the clubs australia contradiction

There are few things more bizarre in Australia’s political landscape than lobby groups that try to portray themselves as the voice of the people. Think of the tobacco industry’s campaign that showed all those poor shopkeepers whose lives would be ruined by plain packaging, or the advertising campaign against the mining tax that not only predicted Armageddon for the nation if the tax went ahead, but highlighted just how caring and sharing our mining companies really are.

Oh, please.

Australia’s poker machine industry is no different; in fact they’re long-practised at the dubious art of blocking anything that could impact on their bottom line, while at the same time professing to care about gambling addiction and raising themselves up as the backbone of the country. Social fabric, anyone?

Clubs Australia are at the forefront of this attempted revision of recent history. Having waged not one but two multi-million dollar attacks on poker machine reform, targeting marginal MPs and ultimately forcing a solution that they know will make no difference to Australia’s addiction to the pokies, they’ve now moved into the warm and fuzzy stage of their campaign. Sure, they’re still kicking Andrew Wilkie as hard as they can (because they know he’s still a threat to their addiction-based revenue) but now the focus is on the industry as champions of reform and friends of the addicted.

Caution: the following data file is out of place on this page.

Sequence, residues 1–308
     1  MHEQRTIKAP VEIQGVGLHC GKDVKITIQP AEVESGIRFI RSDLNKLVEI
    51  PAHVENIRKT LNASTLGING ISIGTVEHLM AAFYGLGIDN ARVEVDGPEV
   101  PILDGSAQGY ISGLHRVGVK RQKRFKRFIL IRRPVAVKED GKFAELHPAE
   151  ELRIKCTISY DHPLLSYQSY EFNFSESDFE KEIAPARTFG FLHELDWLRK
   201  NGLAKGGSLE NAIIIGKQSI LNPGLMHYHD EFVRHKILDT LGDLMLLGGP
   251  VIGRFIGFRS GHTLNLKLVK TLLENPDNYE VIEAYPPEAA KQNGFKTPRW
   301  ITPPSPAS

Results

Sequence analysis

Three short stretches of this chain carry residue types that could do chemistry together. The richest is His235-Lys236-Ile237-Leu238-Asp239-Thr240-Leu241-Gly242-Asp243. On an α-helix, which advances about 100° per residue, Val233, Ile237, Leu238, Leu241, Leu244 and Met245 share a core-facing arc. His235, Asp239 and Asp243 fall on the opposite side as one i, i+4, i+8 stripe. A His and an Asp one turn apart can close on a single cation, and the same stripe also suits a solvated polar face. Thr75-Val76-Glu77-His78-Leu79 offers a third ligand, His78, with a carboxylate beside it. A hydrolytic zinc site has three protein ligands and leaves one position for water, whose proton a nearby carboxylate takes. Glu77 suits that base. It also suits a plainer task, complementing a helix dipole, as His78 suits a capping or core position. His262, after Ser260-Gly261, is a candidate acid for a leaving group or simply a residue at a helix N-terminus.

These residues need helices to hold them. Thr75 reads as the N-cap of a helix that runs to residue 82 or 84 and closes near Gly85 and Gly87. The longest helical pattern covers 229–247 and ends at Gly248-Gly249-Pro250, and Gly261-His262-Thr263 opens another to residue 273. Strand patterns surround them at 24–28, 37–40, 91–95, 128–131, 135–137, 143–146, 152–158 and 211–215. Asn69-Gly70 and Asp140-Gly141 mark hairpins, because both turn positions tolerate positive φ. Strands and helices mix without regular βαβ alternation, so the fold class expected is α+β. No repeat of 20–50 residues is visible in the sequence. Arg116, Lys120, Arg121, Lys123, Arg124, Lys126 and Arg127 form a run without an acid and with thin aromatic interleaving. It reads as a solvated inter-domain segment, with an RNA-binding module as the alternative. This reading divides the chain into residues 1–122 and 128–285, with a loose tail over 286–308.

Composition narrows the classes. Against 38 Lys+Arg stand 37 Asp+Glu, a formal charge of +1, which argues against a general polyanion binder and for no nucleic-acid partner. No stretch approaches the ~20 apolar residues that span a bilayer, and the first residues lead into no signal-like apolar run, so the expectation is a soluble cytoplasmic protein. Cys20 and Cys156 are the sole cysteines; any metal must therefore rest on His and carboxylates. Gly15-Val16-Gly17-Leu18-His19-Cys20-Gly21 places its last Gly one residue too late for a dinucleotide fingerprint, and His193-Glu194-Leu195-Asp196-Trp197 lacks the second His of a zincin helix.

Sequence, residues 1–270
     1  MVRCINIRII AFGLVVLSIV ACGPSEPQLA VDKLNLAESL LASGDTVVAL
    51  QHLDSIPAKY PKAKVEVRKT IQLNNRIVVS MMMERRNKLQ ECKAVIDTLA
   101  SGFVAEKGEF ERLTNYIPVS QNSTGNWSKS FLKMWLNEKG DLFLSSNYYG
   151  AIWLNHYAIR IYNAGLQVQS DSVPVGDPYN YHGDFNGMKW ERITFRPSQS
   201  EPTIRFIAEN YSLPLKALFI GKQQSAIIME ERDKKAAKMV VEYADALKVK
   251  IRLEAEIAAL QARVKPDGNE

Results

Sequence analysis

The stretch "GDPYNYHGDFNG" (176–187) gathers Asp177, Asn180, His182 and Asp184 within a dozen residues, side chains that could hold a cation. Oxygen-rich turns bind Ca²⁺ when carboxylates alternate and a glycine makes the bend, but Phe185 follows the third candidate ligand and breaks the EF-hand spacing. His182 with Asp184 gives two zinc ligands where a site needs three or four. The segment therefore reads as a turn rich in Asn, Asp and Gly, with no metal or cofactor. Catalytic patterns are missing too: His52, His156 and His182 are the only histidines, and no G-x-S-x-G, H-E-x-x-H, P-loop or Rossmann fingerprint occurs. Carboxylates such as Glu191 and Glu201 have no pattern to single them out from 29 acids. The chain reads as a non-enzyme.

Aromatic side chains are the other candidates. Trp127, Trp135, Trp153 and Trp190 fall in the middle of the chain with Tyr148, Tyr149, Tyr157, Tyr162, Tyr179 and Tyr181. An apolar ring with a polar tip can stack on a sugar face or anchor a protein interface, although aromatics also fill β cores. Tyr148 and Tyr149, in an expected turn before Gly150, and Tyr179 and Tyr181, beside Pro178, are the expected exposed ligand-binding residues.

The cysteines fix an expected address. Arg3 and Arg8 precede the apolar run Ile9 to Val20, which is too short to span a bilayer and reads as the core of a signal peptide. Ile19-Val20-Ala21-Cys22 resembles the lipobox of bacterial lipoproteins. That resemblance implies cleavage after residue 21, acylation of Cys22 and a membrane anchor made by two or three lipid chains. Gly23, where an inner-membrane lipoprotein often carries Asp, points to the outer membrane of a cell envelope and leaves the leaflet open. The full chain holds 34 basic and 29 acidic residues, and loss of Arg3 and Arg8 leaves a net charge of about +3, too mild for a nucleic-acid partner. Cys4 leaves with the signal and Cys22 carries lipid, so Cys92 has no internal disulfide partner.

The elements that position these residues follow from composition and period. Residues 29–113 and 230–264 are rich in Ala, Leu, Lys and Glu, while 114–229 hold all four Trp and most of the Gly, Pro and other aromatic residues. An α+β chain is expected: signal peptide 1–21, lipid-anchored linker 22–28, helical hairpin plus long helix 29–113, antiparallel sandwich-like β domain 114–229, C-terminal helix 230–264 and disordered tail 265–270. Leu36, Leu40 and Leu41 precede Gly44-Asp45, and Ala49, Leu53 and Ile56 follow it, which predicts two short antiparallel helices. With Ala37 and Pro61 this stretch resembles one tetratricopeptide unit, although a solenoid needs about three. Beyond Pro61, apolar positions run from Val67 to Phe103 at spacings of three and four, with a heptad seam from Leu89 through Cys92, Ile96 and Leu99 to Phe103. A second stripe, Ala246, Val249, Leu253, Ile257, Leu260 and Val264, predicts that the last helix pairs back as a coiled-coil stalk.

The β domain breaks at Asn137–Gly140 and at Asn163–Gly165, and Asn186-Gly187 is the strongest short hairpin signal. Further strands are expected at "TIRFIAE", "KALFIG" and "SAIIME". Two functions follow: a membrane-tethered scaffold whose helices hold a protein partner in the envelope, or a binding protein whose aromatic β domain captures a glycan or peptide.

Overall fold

I kid you not. Why else would they issue a media release yesterday that contained no actual news, but lots of “Isn’t Wilkie evil?” and “Aren’t we awesome?” platitudes?

Their audacity is matched only by their denial. In the interests of historical accuracy, I’ve deconstructed their media release and provided a counterpoint to their claims. It’s the least I could do.

Clubs Australia’s statements are in bold; mine are interspersed throughout.


ClubsAustralia has called on Andrew Wilkie to stop blocking genuine poker machine reform after his latest demand of the Federal Government.

No messing about. Note the use of the word “genuine”; the implication is that everything up until now has NOT been genuine.

Note also that the gambling reform bill that Wilkie is stalling on only covers voluntary pre-commitment for poker machines. Several trials of this technology have proven that it is only used by those who don’t need it, and the Productivity Commission clearly stated that pre-commitment had to be mandatory to be effective.

While clubs are getting on with the job of helping problem gamblers, Andrew Wilkie continues to issue political threats and demands on the Federal Government. It’s now clear that he is more interested in being on the front page of newspapers than supporting measures that help problem gamblers.

Oh, clubs are “getting on with the job” of helping problem gamblers, are they? So they’re voluntarily reducing bet limits? Shortening their gaming hours? Slowing down reel spin speeds? Lowering jackpots? Changing the poker machine playing experience?